by Andrea Walens
At the age of 22, I heard the words, “You have your mother’s BRCA1 mutation.” My world flipped upside down that day. I was referred to a slew of doctors, and almost all of them asked me what my goals were for family planning considering the screening and surgery decisions I would have to make. At the time, I had no clear picture of being settled and I wasn’t in a relationship in which I felt comfortable bringing kids into my life. In addition, I couldn’t comprehend having a child naturally, knowing that there was a 50/50 chance that they would inherit my BRCA mutation. For many years, I lost the dream of one day being a mother—it seemed impossible.
About five years later, I was in a long-term, committed relationship and pursuing therapy at the Duke Cancer Center. Upon hearing that I told myself I could never have children, my therapist encouraged me to reach out to a provider at the Duke Fertility Center to discuss my options. I was extremely nervous about this appointment, fearing that my thoughts would be confirmed: I would never have a chance at motherhood.
The outcome was opposite to what I expected. The reproductive endocrinologist confirmed that no matter the circumstance, I would be able to bring a child into this world knowing that they would not carry my mutation.
The process for doing this is called pre-implantation genetic diagnosis (PGD). A reproductive endocrinologist would retrieve my eggs and my partner would donate a sperm sample, which they would then use to fertilize my eggs. Once viable embryos formed from those fertilized eggs, they would take a few cells and send them for genetic testing to see if they carried my mutation. I could still have a viable pregnancy even if I decided to have my ovaries removed before having a child. I was shocked and so excited that motherhood could be an option for me.
At the time, however, I was not ready to pursue this. My partner and I were not yet married and I wanted to pursue frozen embryos versus frozen eggs, as my reproductive endocrinologist said this would be the most successful option. The other reason was that this process is insanely expensive. I was reassured that they had a financial counselor who could help me with medical loan programs and pharmacy programs to help afford the medication I would need to trigger the release of hormones that would stimulate egg production and maturation.
My husband and I were married in December 2019. Then, in March 2020, the whole world fell apart. It felt like this dream was never going to happen for me. I was in the process of planning my risk-reducing bilateral mastectomy with the hope of doing a round of IVF treatments afterward. I heard horror stories of surgeries and embryo transfers being delayed because of COVID precautions. It took several months for me to finally book my mastectomy and find a provider for IVF treatments.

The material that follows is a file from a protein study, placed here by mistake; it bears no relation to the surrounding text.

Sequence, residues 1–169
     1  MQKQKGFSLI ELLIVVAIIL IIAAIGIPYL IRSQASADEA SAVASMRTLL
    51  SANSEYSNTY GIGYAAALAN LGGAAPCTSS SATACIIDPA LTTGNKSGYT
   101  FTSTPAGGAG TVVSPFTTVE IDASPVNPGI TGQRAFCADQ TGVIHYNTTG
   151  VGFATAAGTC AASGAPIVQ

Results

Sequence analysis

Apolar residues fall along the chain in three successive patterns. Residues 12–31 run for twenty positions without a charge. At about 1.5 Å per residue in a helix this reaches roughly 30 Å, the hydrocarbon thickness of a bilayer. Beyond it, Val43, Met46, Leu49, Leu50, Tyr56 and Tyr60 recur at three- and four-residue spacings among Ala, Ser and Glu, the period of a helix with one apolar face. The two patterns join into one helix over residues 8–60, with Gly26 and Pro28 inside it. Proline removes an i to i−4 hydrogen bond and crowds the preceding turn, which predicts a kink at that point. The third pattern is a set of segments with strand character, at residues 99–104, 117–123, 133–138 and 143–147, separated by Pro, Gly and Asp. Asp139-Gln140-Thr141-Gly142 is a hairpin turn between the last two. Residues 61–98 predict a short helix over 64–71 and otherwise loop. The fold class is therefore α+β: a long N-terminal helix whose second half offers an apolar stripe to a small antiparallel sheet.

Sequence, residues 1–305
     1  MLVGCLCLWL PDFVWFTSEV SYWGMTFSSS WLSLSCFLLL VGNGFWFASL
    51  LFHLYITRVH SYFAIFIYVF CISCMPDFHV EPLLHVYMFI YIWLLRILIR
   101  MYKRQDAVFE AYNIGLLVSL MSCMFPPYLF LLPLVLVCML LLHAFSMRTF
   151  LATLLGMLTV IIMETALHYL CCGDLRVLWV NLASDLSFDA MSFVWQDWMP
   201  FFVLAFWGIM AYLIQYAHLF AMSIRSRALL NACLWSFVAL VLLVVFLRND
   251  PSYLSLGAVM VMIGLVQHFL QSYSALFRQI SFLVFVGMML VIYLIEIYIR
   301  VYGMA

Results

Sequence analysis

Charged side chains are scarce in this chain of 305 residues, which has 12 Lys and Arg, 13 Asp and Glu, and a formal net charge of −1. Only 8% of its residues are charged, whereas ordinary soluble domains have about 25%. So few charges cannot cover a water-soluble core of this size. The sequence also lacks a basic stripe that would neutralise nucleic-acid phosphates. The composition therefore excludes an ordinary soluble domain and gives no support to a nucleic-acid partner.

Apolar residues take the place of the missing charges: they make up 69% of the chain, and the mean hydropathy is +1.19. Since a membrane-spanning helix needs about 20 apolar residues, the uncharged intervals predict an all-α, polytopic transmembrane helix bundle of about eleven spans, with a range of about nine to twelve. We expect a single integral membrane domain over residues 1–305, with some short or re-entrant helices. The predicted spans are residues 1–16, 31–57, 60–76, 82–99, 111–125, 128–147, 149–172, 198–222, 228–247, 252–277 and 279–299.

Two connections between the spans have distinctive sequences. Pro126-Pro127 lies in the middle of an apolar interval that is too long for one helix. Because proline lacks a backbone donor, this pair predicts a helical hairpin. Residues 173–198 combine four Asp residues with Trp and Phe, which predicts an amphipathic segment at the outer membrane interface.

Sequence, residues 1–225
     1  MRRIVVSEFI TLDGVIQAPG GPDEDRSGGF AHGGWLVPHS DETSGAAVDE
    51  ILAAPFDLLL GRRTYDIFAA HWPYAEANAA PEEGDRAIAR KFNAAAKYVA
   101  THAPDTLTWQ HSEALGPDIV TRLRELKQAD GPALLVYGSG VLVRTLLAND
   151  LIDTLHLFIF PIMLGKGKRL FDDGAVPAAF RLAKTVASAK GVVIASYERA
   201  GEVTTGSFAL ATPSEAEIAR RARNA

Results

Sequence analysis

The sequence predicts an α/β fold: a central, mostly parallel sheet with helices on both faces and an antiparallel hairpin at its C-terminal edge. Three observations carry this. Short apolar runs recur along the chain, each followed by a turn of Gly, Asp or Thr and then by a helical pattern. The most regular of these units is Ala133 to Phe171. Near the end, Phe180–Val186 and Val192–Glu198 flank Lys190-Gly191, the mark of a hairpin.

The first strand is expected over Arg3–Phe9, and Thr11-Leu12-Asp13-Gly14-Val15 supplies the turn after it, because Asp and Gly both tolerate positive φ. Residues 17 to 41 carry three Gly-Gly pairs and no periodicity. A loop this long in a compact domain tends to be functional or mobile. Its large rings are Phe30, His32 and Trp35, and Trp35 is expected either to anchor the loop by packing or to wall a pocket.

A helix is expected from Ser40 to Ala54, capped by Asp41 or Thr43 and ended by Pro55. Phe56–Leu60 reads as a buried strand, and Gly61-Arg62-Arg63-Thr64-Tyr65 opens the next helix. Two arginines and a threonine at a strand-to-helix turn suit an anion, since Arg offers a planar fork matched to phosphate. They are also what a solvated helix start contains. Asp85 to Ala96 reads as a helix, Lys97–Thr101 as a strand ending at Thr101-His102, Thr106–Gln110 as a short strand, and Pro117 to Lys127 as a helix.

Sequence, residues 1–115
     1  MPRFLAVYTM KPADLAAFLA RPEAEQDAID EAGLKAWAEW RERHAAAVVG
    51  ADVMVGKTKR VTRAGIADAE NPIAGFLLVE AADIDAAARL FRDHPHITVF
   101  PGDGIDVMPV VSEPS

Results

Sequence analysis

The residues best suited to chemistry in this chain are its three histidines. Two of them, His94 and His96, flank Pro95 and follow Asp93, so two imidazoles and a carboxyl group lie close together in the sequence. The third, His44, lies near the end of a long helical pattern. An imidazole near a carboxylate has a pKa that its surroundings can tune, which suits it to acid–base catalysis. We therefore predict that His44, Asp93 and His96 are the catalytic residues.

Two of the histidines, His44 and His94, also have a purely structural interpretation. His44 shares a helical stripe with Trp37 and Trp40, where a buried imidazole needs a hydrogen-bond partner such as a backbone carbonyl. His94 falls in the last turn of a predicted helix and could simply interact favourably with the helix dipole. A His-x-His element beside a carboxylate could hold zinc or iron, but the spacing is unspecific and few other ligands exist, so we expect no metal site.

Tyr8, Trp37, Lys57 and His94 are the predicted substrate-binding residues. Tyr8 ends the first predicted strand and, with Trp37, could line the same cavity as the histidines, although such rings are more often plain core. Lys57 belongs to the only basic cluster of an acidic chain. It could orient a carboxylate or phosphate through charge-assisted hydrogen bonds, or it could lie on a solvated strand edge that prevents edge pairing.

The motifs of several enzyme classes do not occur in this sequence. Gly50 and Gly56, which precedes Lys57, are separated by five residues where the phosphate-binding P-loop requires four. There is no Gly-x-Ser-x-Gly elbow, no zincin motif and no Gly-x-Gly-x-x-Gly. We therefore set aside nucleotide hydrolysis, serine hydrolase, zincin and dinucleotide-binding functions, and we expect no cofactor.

I had my mastectomy in August 2020, and the following March we finally started the IVF process. The experience was tougher than I had anticipated. The shots those first few days were a little painful, but not terrible. My husband did them for me. After that, they realized that I was a strong responder - I had many follicles, and I was potentially at risk for ovarian hyperstimulation syndrome, an exaggerated response some women have from the process. My treatment was modified to make sure I would still have a successful cycle. Eventually, I was ready to trigger. I had a lot of pain, discomfort and nausea. I was also bloated and had a hard time eating. I was so ready for this to be done.
My egg retrieval was fairly easy. I was under anesthesia for about an hour and then went home. The first day or two I had a decent amount of pain, but it was bearable. By day 3, I was feeling normal, and by day 5 my bloating was gone. It felt great to be done. Twenty-seven of my eggs were retrieved: 13 were fertilized and eight were healthy enough to biopsy and send off for genetic sequencing. We were excited to learn that two of those embryos have a normal number of chromosomes and are BRCA1-negative. We don't plan to implant either of these embryos for about three years when I’m 33.
I feel so relieved that I went through this process and we now have two chances at becoming a full family. I was very fortunate to have the financial and medical support that I had in this process. I also found social support through the FORCE message boards, website, and a Facebook group for BRCA mutation carriers going through IVF with PGD. This process has many ups and downs, but I wouldn’t be where I am today without the support network I built. If you’re considering going through IVF with PGD, I encourage you to reach out to your support systems and build a network that will carry you through this journey.